Q&A – 18 March 2024

Repatriation of prostitute

I heard that a lady from a foreign country was repatriated back to her home country because she was indulging in prostitution in Tanzania. I would like to know if prostitution is a crime in Tanzania and if it was proper to repatriate the lady who entered legally in Tanzania simply because of prostitution.
LA, Arusha

Section 146 of the Penal Code [Cap.16 R.E 2019] does not as such prohibit prostitution. It only prohibits living wholly or partly on the earnings of prostitution. It is the living on the proceeds of prostitution which is an offence and not the act of prostitution itself. This needs further explanation as it is confusing!

If a woman gives sexual service for free, she is not guilty of an offence but if she imposes charges for the service and lives on the revenue she collects from people she serves, then she is committing an offence of living on the earnings of prostitution. In view of section 23(1)(e) of the Immigration Act [Cap.54 R.E 2016], a person is deemed to be a prohibited immigrant if at the time of entry or after entry into Tanzania he/she lives or receives the proceeds of prostitution. The Immigration has the authority to expel from Tanzania a woman or man who lives on the proceeds of prostitution.

Code of ethics for data protection

I am an administrative officer for a private hospital based in Dar es Salaam. Our hospital has codes of ethics for employees which amongst others prohibit abuse of patient personal data. However, recently there have been regulatory developments concerning protection of personal data in Tanzania. I believe these changes may necessitate the need to review our internal policies and codes of ethics. Are there any legal considerations we need to take into account in our review?
FC, Dar es Salaam

It is good that as an administrative officer you want to ensure your company is compliant with the law. According to section 65 of the Personal Data Protection Act No. 11 of 2022, every data controller shall draw and put in place a code of ethics or policy for personal data protection which shall prescribe for ethics and conduct to be complied with during collection or processing of personal data. In addition, such codes or policies shall be submitted to the Commission for consideration and approval.  In considering the codes of ethics or policies, the Commission shall ascertain, among other things, whether the drafts submitted to it have complied with the provisions of the Personal Data Protection Act and the relevant sector and where it considers necessary, seek the views of data subjects or their representatives and consult with the data controller concerned for the purposes of undertaking necessary amendments prior to the approval. Your lawyer can guide you further on this.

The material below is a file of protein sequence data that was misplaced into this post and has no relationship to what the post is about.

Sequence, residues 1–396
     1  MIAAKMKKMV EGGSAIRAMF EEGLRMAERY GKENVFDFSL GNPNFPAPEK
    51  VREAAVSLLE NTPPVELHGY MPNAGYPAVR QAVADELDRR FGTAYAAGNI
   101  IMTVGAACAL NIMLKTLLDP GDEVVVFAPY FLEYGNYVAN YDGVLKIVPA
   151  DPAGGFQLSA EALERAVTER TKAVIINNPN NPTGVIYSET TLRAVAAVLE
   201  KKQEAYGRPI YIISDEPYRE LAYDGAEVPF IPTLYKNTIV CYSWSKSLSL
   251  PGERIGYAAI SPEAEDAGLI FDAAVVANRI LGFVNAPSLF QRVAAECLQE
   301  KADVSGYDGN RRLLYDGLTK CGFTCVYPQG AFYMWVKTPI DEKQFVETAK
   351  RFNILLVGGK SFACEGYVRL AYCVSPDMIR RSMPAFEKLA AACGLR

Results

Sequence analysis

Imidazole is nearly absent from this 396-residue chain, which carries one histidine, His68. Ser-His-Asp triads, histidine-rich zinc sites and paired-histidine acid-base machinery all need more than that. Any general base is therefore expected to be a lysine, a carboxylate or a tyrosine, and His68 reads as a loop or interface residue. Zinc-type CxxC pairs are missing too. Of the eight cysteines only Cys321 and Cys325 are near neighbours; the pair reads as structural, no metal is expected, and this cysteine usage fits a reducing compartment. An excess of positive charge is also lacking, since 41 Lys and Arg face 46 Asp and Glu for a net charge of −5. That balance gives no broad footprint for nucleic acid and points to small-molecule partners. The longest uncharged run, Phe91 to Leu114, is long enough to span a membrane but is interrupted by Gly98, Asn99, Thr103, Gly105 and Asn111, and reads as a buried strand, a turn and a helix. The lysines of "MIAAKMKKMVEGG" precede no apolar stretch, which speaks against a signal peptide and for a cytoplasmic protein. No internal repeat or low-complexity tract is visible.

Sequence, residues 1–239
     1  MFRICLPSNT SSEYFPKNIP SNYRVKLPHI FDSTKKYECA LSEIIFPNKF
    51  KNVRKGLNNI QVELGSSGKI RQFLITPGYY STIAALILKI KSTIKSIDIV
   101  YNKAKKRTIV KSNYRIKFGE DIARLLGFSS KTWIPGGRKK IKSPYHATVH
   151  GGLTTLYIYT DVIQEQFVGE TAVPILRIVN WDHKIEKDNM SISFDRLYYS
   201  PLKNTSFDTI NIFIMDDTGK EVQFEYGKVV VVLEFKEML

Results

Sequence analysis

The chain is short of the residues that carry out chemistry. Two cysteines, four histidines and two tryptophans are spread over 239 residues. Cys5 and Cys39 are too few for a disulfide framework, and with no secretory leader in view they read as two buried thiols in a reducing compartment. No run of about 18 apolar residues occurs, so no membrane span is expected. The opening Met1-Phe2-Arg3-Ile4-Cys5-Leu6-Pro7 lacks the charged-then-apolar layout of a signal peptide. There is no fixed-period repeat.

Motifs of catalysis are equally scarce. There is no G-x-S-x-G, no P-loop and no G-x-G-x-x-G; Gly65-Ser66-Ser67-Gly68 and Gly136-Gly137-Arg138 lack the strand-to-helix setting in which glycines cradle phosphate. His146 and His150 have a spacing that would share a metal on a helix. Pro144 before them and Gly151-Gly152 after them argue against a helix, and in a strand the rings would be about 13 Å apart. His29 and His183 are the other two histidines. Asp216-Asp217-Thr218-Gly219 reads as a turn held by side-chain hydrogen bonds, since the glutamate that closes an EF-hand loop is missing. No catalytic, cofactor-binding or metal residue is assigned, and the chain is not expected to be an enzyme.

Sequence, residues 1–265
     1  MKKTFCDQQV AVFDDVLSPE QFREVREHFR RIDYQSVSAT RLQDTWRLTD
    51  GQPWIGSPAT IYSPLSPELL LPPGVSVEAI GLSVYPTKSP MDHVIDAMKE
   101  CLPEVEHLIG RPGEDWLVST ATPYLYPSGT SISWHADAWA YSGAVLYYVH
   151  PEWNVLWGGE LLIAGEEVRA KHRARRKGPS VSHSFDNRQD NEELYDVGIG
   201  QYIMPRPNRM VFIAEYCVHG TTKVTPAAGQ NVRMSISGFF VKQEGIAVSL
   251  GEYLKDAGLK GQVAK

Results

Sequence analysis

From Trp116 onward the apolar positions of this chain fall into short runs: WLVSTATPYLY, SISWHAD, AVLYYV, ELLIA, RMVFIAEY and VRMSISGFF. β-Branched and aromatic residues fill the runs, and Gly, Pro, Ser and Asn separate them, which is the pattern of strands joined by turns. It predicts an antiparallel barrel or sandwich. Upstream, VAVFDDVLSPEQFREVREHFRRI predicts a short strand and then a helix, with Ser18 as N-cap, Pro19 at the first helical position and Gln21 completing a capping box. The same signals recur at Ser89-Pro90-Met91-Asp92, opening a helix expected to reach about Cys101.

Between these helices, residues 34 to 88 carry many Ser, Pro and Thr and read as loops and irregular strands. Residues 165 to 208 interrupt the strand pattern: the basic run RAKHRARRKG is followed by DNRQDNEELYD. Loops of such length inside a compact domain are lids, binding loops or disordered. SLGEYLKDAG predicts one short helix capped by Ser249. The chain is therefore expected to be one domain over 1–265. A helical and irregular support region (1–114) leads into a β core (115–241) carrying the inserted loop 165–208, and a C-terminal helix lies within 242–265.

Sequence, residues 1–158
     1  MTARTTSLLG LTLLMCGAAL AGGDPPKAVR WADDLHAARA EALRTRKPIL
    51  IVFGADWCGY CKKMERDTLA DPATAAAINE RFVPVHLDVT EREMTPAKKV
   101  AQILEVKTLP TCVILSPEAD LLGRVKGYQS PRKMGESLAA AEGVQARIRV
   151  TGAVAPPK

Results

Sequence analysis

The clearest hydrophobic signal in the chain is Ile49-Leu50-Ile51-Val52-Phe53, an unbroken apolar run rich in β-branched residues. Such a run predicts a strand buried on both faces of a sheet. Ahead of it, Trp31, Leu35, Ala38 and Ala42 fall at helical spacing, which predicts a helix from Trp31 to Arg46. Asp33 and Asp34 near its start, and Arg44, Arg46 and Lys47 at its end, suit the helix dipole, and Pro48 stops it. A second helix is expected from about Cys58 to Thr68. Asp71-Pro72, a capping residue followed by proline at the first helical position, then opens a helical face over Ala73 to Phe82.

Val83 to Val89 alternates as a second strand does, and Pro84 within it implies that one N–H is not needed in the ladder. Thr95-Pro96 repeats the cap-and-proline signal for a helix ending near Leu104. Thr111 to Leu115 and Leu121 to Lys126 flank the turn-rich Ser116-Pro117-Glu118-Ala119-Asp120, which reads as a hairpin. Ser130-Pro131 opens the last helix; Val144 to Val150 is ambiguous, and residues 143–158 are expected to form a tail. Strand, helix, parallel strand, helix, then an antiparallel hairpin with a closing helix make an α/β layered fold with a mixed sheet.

Interest in joint occupied land

I recently attended a seminar on estate planning and wills which inspired me to get my affairs in order and write a will so that in case of my demise my family is not inconvenienced. However, there is a slight dilemma. I have a piece of land located in Dodoma which is jointly owned by me and my brother as our names appear in the certificate of right of occupancy we obtained from the Ministry of Lands. The certificate clearly indicates we are joint occupiers of this land. Do I include this piece of land in my will as one of my properties?
CF, Dodoma

A will ensures that your properties are divided among your heirs according to your wishes. It is good that you have considered writing a will. While you have freedom to divide your property as you wish, there are some restrictions which result from the operation of the law. This jointly occupied land is one of the cases where the law takes precedence over personal wishes. Section 159 of the Land Act [Cap. 113 R.E 2019] provides that where land is occupied jointly under a right of occupancy or lease, no occupier is entitled to any separate share in the land and, consequently on the death of a joint occupier, her/his interest shall vest in the surviving occupier or occupiers jointly; however a joint occupier may transfer his interest inter vivos (while alive) to the other occupier(s) but to no other person, any attempt to so transfer her/his interest to any other person shall be void.

The law is drafted this way because for joint occupation, the joint occupiers’ interest cannot be divided. For that reason, upon the demise of one of the occupiers/owners, the interest over a jointly occupied land automatically passes to the surviving occupier/owners. Your lawyer can guide you further on this.

Action against employee facing criminal charges

We are a manufacturing company based in Ruvuma. It has come to our knowledge that one of our employees is facing criminal charges after he was found in possession of a government trophy. Our Company does not want to be associated with such a person because we want to safeguard our reputation. Is it lawful to terminate this employee?
NM, Ruvuma

The Employment and Labour Relations Act [Cap. 366 R.E 2019] restricts disciplinary action against employees facing criminal charges. Section 37(5) of the Act provides that no disciplinary action in form of penalty, termination or dismissal shall lie upon an employee who has been charged with a criminal offence which is substantially the same until final determination by the Court and any appeal thereto. This protection in the labour law is premised on the presumption of innocence provided in the Constitution of the United Republic of Tanzania, 1977. Article 13(6)(b) of the Constitution specifically states that no person charged with a criminal offence shall be treated as guilty of the offence until proven guilty of that offence.  You are therefore advised to consider other means of disciplinary action, if any, against the employee according to your company policies and guidelines.